2. In a small bowl, combine the graham cracker crumbs, melted butter, and sugar. Stir with a fork to combine. Dump the crumbs into the springform pan and press evenly on the bottom and the sides of the pan. Bake  the crust for 18 minutes until set and lightly browned. Let cool. Leave the oven on to 325° F.

3. In an electric mixer fitted with the paddle attachment, beat the cream cheese and sugar together until VERY smooth and no longer lumpy. Do not underbeat. Scrape the bowl a few times to make sure that the cream cheese is well beaten.

4. Add the sour cream and beat for about 30 seconds. Then add the eggs, one at a time, and mixing properly after each addition. Scrape bowl.

5. Scrape the seeds from the vanilla bean by splitting it in half lengthwise with a paring knife. Add to the cream cheese mixture and mix for 10 to 15 seconds. Pour and scrape the mixture into the cooled crust. Transfer the pan into a baking sheet to bake.

Note on step #5: I sometimes add another half teaspoon of vanilla extract for an extra dose of vanilla flavor.

6. Bake the cheesecake on its own (no water bath) for about an hour or so (it can take up to 1 hour and 10 minutes depending on your oven). Bake until the cheesecake is set but the center is still jiggly. This will set as it cools.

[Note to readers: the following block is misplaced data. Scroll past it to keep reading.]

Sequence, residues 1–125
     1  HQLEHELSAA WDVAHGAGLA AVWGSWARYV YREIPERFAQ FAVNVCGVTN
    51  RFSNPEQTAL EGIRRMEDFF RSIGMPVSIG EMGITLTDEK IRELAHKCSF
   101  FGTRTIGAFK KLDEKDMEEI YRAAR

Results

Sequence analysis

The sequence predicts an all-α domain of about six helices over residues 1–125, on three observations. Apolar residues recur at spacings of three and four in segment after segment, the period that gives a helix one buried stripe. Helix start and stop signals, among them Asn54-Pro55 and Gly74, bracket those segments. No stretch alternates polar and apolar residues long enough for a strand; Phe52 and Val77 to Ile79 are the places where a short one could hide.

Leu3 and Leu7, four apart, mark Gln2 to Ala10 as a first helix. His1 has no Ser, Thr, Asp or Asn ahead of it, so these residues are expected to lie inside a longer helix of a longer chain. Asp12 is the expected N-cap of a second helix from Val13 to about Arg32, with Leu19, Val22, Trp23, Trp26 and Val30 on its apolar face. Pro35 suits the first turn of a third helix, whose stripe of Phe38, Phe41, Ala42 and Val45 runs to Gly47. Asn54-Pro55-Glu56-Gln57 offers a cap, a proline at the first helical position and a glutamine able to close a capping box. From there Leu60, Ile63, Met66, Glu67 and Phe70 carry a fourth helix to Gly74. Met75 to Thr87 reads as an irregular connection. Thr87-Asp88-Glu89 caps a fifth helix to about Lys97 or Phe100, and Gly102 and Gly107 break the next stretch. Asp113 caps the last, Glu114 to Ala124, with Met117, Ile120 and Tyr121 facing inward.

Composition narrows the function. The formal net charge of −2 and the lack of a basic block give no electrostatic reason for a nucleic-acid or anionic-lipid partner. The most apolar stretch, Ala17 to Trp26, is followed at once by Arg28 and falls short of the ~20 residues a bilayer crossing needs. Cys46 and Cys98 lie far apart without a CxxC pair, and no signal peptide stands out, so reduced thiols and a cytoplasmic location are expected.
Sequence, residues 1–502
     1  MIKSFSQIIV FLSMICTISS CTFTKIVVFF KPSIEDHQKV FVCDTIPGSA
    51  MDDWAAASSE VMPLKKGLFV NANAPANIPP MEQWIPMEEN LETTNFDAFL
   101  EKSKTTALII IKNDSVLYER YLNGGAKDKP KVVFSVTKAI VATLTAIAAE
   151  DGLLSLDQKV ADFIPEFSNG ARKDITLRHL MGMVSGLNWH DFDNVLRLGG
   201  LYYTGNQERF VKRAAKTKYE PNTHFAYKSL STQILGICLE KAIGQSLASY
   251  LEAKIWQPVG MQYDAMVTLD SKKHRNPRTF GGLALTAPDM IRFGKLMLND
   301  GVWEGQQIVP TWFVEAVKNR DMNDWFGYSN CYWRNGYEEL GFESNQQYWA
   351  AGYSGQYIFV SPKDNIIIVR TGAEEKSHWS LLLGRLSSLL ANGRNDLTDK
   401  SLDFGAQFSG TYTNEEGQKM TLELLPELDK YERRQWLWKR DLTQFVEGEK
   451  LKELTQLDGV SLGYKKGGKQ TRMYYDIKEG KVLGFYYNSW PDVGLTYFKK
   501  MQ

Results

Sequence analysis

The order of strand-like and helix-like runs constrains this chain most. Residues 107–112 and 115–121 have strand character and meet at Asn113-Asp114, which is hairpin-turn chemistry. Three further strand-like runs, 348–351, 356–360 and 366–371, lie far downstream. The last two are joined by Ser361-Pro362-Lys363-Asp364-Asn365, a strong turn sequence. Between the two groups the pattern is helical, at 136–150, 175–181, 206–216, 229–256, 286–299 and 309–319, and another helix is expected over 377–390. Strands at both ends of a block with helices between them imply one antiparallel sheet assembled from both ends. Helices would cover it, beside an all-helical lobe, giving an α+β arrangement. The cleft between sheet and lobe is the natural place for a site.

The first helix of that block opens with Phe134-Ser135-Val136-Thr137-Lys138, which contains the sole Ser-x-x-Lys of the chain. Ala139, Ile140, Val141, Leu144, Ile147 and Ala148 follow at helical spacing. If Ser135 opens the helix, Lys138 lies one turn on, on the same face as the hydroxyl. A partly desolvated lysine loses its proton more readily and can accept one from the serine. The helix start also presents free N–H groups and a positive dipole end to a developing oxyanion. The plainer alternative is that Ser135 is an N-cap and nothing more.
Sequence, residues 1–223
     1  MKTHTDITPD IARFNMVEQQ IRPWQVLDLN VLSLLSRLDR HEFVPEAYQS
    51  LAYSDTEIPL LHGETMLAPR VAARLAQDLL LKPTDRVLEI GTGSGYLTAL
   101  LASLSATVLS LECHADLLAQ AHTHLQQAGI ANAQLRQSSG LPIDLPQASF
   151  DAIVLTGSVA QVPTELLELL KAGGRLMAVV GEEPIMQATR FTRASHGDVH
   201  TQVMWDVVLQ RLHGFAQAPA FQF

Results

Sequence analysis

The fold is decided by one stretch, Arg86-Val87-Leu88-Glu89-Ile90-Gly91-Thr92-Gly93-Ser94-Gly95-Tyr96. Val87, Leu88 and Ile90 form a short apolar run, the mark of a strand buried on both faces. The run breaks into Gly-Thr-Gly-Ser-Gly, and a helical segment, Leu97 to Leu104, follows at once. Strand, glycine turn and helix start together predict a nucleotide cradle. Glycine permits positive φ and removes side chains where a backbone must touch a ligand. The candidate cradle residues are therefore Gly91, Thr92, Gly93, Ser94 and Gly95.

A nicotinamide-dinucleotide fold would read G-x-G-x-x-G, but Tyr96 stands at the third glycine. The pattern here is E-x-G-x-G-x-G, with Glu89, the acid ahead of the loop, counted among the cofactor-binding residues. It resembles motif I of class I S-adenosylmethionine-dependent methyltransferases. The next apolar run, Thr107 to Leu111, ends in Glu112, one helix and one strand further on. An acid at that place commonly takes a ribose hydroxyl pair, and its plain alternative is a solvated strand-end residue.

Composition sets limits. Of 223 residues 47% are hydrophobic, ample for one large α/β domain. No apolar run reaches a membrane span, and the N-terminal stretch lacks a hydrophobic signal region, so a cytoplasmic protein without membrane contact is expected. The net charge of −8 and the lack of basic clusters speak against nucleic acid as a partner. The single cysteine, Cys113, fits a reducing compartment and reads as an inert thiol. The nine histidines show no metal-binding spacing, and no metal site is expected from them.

7. Place the cheesecake in a cooling rack and using a slightly buttered or oiled offset spatula, immediately run the spatula around the edge of the cheesecake. Make sure that you gently press the spatula to the side of the pan so the crust does not get butchered and damaged. Completely cool cheesecake for about 2 hours and then chill for 4 hours, or even better, overnight before unmolding.

8. Once completely chilled, remove the springform pan to release the cake. If you want, you can very gently run an offset spatula again to help release the cake.

9. Place the apricot preserves in a small bowl and add about a tablespoon of water. Heat in the microwave for 20 to 30 seconds. Decorate the top with fresh berries. Glaze the fruit with the apricot preserves using a small brush.

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4 Comments leave one →
  1. July 20, 2010 9:54 pm

    I love cheesecakes but I don’t enjoy them enough. I like your version because I also like a generous graham cracker crust per serving. I don’t think I’ve ever been able to avoid the crack on top without the sour cream topping. Yours looks perfect, as usual, especially with the berries on top.

    I would have loved to be at that party if only to enjoy a slice of this beautiful cheesecake! 🙂

  2. July 21, 2010 2:49 pm

    Agree completely. One can’t have enough of graham crackers on a cheese cakes. Yours look beautiful with all the berries.

    • July 21, 2010 9:36 pm

      Thank you Ivy. If I can smother my cheesecake with more graham crackers on top, I would. I go for frozen yogurt sometimes and I get the NY Cheesecake flavor and I dump A LOT of graham cracker crumbs on top. Mmmm!